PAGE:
Open Ended Investigation on Earthworms

Essay by danielglynnHigh School, 11th gradeA, March 2004

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Open Ended Investigation - Biology Year 11

By David Vineburg, Daniel Glynn and Thomas Marsland

Weighting: 15%

Due Date: Monday 8th September

Learning Experiment

Aim: to test the learning ability of earthworms in two completely different environments.

Apparatus: Shoeboxes x3

Sticky tape

One earthworm




Sliced apple


Sliced donut



1. Connect shoeboxes in a T shape using sticky tape to keep them together.

2. Take the lid of one side of the T off and leave the other closed down.

3. In one section apply the soil to the base of the shoebox. On top of the soil spray some water so it is moist and sprinkle bits of the apple on top.

4. In the other section stick the strip of sandpaper to the entry. Behind this pour in some sand and put the cut up donut on top of this.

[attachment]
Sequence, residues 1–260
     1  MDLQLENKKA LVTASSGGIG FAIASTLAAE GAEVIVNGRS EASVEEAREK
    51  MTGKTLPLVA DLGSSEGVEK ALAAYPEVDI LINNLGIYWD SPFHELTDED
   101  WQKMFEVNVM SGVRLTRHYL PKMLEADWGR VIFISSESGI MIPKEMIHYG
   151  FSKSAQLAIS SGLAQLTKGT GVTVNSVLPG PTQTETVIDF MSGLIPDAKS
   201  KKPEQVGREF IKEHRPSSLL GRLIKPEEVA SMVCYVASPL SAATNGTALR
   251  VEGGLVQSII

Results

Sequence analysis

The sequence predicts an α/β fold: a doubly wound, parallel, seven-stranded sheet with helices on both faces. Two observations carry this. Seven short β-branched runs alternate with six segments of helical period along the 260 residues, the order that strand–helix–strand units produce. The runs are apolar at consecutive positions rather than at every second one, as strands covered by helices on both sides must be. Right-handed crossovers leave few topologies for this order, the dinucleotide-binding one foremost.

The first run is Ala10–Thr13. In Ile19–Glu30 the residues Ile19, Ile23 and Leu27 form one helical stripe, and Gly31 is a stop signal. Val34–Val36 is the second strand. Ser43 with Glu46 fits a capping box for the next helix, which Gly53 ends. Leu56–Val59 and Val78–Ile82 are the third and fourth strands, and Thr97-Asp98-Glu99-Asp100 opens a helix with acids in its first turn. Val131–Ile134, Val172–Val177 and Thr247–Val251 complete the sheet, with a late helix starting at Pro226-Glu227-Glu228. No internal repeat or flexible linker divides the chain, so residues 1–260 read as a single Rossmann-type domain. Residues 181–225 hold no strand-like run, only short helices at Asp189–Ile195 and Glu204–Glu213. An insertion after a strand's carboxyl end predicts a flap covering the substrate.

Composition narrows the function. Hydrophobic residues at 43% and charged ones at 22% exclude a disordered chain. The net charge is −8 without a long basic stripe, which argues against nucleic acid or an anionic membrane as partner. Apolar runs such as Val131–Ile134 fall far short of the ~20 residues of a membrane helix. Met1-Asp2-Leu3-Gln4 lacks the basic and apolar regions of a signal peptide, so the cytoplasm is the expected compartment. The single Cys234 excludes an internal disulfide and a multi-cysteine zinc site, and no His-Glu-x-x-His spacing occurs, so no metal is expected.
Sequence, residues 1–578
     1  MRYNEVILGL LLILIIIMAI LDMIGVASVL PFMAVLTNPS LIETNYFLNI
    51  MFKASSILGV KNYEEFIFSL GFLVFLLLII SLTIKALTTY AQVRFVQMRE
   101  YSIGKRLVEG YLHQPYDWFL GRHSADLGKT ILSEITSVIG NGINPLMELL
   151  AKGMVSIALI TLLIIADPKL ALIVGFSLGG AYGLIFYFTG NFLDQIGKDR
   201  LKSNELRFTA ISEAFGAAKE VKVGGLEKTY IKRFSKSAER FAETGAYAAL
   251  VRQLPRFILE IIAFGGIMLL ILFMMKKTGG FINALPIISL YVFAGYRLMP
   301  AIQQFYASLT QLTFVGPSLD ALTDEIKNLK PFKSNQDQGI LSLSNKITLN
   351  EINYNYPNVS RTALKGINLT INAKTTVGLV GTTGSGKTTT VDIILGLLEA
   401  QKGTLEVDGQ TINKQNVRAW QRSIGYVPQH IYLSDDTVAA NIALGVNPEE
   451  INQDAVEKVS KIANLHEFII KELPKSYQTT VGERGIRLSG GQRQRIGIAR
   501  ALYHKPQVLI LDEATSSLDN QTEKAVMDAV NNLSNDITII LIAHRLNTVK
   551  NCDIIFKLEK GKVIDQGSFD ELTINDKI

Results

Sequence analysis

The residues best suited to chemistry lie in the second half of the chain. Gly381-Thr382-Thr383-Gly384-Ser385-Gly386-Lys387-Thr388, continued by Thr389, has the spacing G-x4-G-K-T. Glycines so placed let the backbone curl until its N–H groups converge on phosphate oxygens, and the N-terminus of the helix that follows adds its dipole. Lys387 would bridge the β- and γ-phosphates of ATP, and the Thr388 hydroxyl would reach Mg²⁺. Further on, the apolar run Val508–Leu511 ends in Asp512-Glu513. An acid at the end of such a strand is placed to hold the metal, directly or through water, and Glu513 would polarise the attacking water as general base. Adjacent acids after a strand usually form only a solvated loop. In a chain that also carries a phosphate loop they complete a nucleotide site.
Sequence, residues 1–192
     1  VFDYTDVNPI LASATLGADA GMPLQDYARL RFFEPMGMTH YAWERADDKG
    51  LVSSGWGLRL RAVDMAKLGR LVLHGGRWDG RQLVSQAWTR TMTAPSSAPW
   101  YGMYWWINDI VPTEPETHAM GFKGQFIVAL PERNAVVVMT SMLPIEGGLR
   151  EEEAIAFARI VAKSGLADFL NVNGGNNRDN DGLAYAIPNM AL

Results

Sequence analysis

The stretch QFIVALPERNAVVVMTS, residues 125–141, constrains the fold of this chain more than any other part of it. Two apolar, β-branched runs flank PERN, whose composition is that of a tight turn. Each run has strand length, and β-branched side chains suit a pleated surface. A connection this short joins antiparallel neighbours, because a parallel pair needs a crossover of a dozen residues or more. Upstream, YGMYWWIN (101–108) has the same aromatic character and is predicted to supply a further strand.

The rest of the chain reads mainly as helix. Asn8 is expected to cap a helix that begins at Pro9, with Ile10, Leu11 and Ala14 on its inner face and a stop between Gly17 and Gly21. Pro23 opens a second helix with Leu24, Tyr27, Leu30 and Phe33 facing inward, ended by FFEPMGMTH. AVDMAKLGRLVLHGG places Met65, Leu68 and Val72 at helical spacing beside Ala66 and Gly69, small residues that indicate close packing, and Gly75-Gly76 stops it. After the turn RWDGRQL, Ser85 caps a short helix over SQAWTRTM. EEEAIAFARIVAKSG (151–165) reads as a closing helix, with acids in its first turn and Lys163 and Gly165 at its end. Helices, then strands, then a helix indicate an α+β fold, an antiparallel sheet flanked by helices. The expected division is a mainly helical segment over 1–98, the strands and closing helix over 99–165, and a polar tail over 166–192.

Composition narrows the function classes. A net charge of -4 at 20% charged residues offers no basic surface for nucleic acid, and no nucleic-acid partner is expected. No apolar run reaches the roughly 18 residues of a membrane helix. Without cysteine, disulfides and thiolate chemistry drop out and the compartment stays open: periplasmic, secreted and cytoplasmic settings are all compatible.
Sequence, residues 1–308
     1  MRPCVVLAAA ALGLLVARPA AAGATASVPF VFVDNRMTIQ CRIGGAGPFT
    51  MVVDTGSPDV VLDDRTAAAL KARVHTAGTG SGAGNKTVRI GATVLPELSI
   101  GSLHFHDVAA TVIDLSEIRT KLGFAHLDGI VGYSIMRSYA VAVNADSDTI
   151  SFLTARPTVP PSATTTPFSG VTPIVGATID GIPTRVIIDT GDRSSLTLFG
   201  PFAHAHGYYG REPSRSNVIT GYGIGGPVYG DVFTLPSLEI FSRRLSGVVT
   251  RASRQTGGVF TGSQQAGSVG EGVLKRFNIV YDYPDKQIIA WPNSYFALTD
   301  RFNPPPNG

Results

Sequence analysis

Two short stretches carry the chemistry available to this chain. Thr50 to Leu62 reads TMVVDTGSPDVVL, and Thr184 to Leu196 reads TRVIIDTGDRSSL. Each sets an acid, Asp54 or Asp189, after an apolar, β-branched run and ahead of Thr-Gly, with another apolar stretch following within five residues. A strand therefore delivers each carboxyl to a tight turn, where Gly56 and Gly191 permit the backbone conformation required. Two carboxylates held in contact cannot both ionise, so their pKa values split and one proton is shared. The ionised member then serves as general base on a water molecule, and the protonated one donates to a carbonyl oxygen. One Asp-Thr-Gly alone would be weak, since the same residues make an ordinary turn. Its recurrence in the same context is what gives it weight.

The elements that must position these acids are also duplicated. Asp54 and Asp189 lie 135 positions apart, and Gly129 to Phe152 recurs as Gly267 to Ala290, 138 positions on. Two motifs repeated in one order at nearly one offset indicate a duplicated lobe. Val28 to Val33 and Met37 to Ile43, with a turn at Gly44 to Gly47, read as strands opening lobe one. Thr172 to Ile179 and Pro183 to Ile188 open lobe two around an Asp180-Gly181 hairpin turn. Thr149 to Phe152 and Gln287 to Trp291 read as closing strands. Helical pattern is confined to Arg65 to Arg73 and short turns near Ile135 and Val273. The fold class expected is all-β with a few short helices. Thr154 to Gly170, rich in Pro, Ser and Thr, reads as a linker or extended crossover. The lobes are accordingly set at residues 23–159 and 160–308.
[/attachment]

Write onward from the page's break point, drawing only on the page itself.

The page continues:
5. When the T Box has both environments ready allow the worm to travel through at it's own pleasure.

6. Each time the worm finds a specific area, record what happened. Repeat step 5 and 6 until you are satisfied with your observations.

7. Now that the worm has experienced this environment switch the sides of the T shoebox arrangement around. Swap the environments to its other side.

8. Repeat steps 5 and 6 until you are satisfied with your observations.


Benefits of Earthworms in soil?

Earthworms tunnel through the earth, excreting polysaccharides. Polysaccharides are sugars that act like glue to line the pencil-size tunnels, preserving them for years. As they move through the earth both horizontally and vertically earthworms drag bits of organic material around, helping to mix organic matter into the soil. As they eat the organic material, they turn it into rich nutrients by leaving castings everywhere they go.